Involved in a public transport accident? Here's what you should know

June 28, 2016

Public transportation performs a vital service for millions of Canadians each day. But what if you're involved in an accident while traveling via bus, train or other municipal or private carrier and you're injured – and even if you're not? What should you do? Here's some advice.

Involved in a public transport accident? Here's what you should know

A responsibility for safety

Companies that provide transportation services to the public are responsible for taking reasonable measures to protect the safety of their passengers. More often than not they do a commendable job. Unfortunately accidents sometimes still occur and in those instances, if ever you're  involved,  an experienced attorney can help ensure your rights are protected.

What exactly constitues an accident?
Accidents potentially include incidents where driver error, driver intoxication, distracted driving, mechanical failure and collision with one or more vehicles were factors that resulted in slips, falls or other types of injuries to the passengers.

Should you ever be involved in a public transport accident, some key things to keep in mind are:

1. Should you aid others who may need it if help seems far away?

Typically the onsite employees of the transport company involved are responsible to call for assistance.

  • If the transport company employee(s) is/are injured, unavailable or refuse to contact emergency authorities you should take matters into your own hands by calling for emergency services and notifying the police that there has been an accident.
  • Do not move anyone who has been injured in the collision. You may worsen his or her injuries.
  • As a general rule, a person is NOT required by law to assist another person who is injured or in danger. However, many states and provinces have passed “Good Samaritan” laws that provide immunity from liability to people who assist others when they are in need. As such, in most cases you are free to help others who are injured without fear of being sued.
  • Willfully wanton or reckless behaviour is not immune from liability.

2. Should you seek medical attention immediately after an accident?

It's always a good idea to be examined by a medical professional if you're involved in any type of accident, even if you do not believe you're injured.

  • Not all injuries are immediately apparent and some, such as exposure to certain chemicals, might manifest only with the passage of time.
  • What's more, some injuries are internal and can only be detected with specific medical tests. Keeping track of potential injuries as evidence may help down the line, if there's reason to believe a medical issue may be as a result of an old accident.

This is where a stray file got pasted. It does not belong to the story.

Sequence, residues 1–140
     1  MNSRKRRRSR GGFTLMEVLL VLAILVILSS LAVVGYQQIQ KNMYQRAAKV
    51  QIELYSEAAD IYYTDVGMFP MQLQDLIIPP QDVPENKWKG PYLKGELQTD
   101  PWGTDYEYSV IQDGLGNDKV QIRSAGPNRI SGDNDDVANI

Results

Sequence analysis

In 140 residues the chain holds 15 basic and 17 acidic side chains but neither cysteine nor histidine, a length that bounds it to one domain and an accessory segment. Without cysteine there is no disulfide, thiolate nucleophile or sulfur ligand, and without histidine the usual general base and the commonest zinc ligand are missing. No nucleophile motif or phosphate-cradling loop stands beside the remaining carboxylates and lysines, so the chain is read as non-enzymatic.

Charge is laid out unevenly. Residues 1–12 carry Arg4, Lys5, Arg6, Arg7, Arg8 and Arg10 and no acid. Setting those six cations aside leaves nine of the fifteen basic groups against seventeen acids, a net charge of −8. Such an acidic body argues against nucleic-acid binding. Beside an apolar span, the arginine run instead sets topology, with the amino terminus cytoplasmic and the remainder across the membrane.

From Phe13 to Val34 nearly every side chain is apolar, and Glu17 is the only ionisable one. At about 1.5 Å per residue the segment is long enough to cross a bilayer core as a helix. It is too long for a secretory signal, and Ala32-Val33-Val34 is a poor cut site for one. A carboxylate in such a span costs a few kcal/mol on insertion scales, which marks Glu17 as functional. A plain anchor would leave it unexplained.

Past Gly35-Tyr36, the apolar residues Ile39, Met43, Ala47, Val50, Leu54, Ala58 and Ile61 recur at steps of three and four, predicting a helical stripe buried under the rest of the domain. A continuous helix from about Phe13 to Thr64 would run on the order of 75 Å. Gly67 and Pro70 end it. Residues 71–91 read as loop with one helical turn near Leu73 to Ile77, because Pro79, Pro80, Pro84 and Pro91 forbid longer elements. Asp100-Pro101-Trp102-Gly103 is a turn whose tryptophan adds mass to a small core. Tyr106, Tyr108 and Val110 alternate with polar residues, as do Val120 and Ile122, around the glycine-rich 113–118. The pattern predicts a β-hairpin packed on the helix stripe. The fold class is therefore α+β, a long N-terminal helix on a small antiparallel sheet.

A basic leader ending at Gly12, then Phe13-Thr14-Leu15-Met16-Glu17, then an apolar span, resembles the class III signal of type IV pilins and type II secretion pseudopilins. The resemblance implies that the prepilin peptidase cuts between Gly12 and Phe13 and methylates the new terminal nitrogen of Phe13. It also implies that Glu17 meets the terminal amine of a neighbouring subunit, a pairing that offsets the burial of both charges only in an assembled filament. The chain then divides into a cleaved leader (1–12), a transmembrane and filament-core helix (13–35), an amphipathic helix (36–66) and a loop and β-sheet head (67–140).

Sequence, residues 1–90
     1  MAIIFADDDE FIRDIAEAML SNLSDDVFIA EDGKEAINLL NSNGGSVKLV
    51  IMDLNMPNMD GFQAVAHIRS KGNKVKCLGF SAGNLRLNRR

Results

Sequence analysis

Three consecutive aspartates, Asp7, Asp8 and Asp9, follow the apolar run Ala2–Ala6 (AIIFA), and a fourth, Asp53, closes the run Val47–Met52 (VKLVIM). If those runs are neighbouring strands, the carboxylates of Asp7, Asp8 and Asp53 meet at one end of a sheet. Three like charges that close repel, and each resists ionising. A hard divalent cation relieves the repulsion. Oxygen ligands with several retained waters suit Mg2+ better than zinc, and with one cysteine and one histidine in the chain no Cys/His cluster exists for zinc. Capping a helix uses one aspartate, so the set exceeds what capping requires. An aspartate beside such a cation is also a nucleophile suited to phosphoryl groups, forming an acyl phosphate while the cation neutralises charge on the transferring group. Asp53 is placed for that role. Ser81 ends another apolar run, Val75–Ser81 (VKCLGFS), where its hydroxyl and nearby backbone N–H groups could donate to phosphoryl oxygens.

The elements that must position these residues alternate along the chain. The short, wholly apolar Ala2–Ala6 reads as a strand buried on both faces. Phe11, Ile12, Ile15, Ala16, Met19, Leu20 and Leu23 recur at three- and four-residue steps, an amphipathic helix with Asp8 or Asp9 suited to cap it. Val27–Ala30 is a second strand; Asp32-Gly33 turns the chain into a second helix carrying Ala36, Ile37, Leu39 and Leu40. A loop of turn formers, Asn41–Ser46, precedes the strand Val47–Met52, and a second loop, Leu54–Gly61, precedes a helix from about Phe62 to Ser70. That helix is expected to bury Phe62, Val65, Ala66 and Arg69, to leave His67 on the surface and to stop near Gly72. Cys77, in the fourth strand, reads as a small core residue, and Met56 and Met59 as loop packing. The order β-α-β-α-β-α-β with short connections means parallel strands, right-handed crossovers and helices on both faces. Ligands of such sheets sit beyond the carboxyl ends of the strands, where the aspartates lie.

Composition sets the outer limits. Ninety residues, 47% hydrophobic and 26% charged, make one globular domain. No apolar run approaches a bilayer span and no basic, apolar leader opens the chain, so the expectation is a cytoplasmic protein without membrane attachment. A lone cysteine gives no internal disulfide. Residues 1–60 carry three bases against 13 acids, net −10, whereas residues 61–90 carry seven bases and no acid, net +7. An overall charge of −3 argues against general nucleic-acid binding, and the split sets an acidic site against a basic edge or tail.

3. What kind of info should you collect right after the accident?

Chances are you'll be in shock following the accident. However, it's vital to collect and record as much information about the collision as possible.

  • Information to collect includes names and contact information from other passengers and transit employees.
  • If you can, take pictures without interfering with emergency responders.
  • Tempting as it might be, avoid posting the photos on social media in the event the investigation of the accident becomes criminal in nature.

4. Why is it vital to keep track of your medical tests and treatments?

If you're injured while riding on public transportation or in any other kind of motor vehicle, it's important to seek medical attention right away. This not only provides your attorney with a baseline assessment of  your current state of health, but also serves to establish a record of treatment if complications should occur or if additional treatments are required at a later date.

  • You should also speak with an experienced personal injury attorney without delay in order to protect your right to seek just compensation for your injuries, loss of income and other associated costs.
  • In a best-case scenario, the lessons learned from your situation may help to improve the safety of public transportation for future riders.

5. Why should you be careful with whom you discuss the details of the accident?

Most important to remember is that until you have secured legal representation, do not talk with the at-fault vehicle’s insurance company adjusters or anyone else other than the police about the nature and severity of your injuries or the circumstances of the accident.

  • The intention of the insurance company adjusters for the vehicle deemed at fault would be to gather as much evidence as possible to minimize the amount of compensation they would be required to pay out for the accident they caused.

At the best of times being involved in an accident is an upsetting experience, doubly so if you're injured while riding public transportation. That's why, after the initial moment of shock has passed and if you're physically capable, it's good to gather key facts that could help your case down the line.

The material on this website is provided for entertainment, informational and educational purposes only and should never act as a substitute to the advice of an applicable professional. Use of this website is subject to our terms of use and privacy policy.
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